ISSN (Print) - 0012-9976 | ISSN (Online) - 2349-8846

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Narratives of Exclusion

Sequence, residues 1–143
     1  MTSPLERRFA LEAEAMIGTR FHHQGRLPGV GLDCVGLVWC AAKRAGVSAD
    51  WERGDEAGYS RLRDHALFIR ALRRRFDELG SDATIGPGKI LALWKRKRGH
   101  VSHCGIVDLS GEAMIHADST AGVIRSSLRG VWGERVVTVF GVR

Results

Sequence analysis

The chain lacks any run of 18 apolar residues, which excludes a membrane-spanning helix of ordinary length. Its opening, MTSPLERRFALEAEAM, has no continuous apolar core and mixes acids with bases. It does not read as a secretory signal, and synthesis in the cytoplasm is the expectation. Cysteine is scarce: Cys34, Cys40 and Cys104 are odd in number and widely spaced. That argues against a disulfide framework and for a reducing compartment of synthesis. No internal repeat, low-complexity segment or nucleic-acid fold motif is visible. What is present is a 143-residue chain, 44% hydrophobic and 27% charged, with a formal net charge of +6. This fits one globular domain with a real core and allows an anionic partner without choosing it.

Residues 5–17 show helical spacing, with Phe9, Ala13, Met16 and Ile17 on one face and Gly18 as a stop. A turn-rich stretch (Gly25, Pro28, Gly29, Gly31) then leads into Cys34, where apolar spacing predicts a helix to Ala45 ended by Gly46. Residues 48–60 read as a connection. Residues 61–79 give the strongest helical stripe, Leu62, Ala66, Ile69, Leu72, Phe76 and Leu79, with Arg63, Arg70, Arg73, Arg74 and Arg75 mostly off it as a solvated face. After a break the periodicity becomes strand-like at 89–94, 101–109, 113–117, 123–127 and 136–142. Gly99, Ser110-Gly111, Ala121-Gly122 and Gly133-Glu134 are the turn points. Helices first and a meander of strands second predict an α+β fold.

Drawing from ethnographic fieldwork carried out in a "Muslim" neighbourhood in Kolkata, this paper attempts to understand the ways in which Muslim socio-spatial segregation gets constructed and maintained within the landscape of Indian cities. It argues that in the case of Kolkata, Muslim socio-spatial segregation can be viewed as an unfortunate consequence of the dual processes of bhadralok cultural prejudice against Muslims as well as the insecurity Muslims encounter on an everyday basis in the city. The restrictive and debilitating effects of exclusion based on spatial stigma, especially the ways in which they affect Muslims belonging to various socio-economic dispositions, are emphasised. Continued instances of exclusion can potentially engender a reverse assertion of identity by segregated groups who might eventually find it feasible to construct a monolithic and exclusive identity set apart from, and in opposition to, the city's mainstream.
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